You have worked in various media organizations. Kindly tell us the most memorable media project you were on and its effect on the community.

One of the stories that will always be in my heart and my mind is another gun violence tragedy that occurred in Orlando, just 8 minutes from where I used to live in the downtown of the city. I got to cover this story when I was working in the news at Univision. It was the Pulse Nightclub Shooting, where 49 people died and another 53 were wounded. The only positive that I got out of this horrifying experience was to see the whole community of Orlando coming together as a family to overcome this catastrophe. It made me want to get more involved in these types of stories until the policies that allowed this to happen actually change.

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Families Are Forever, Parkland Strong is the first documentary I produced, and it shows the psychological effects of the Mass Shooting that took place on Valentines Day in 2018 in Marjory Stoneman Douglas High School of Parkland, Florida.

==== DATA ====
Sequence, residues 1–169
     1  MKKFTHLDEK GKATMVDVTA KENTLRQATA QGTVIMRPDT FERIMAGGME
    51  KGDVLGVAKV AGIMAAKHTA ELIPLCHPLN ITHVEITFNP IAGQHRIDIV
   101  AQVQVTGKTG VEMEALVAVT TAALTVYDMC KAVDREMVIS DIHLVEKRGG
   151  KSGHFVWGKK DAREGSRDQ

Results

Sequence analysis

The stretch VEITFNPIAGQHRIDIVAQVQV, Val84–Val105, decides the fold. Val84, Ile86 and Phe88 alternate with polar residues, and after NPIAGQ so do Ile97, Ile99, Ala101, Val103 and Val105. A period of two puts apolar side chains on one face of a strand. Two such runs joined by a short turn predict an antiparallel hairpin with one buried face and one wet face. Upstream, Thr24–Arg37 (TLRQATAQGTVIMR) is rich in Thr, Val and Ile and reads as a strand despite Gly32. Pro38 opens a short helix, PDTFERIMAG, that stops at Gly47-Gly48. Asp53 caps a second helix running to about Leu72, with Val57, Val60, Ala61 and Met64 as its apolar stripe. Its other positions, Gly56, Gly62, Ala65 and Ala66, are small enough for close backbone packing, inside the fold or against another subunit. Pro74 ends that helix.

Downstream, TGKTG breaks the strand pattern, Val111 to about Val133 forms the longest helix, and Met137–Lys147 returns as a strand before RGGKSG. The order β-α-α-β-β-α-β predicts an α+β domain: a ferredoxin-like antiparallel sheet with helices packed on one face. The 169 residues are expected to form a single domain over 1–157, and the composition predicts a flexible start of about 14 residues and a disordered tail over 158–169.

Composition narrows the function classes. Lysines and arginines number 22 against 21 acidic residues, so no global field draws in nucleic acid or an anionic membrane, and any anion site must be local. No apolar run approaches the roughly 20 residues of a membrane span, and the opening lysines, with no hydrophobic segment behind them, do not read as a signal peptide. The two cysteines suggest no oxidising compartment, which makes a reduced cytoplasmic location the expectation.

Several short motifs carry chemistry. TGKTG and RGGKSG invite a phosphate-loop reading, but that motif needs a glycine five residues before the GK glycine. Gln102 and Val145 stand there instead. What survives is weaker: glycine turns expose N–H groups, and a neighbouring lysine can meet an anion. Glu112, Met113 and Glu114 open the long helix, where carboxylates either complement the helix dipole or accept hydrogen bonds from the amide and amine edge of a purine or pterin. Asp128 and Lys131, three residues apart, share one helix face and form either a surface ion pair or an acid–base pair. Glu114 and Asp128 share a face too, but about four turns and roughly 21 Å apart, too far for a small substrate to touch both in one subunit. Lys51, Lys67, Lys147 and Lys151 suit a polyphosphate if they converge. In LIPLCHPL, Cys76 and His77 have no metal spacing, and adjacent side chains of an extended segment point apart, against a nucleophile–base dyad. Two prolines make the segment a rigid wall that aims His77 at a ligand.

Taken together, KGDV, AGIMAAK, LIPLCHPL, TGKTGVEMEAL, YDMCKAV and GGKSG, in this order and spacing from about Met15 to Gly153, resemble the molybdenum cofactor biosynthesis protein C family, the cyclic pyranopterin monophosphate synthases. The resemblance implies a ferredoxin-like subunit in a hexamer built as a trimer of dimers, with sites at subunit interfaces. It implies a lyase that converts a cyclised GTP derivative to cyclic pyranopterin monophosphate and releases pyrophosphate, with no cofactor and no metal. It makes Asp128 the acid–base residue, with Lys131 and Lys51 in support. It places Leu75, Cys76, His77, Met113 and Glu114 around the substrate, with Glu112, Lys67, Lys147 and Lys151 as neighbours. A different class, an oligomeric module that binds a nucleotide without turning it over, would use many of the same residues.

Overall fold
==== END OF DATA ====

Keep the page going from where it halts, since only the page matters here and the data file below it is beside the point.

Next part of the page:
Kindly share the goals of your career as a producer and media personality and what it entails for the public? 

My goal is to create media content that inspires change in people’s lives. I want to get the public to think about these issues and turn their curiosity on, which will make them do their own research and find ways to contribute to policy transformations for a safer world, equal society, and a cleaner planet.

How did the shift from reporting to modeling happen?

I would not consider my work as a model or even as an actress a shift. I always loved the media and entertainment business in all its shapes and forms. Fashion has always been my passion, and I finally got the chance to work on it when I moved to Miami. Now, I have made deals with brands and I have walked in shows like Miami Swim Week and New York Fashion Week. It feels good to be able to do something that I love and consider a form of art while I am still working on issues that are affecting my community. I see both sides of my career as a compliment that makes my life more balanced as I get to work and have fun with entertainment and fashion, and I get involved in social issues at the same time.

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I would not consider my work as a model or even as an actress a shift.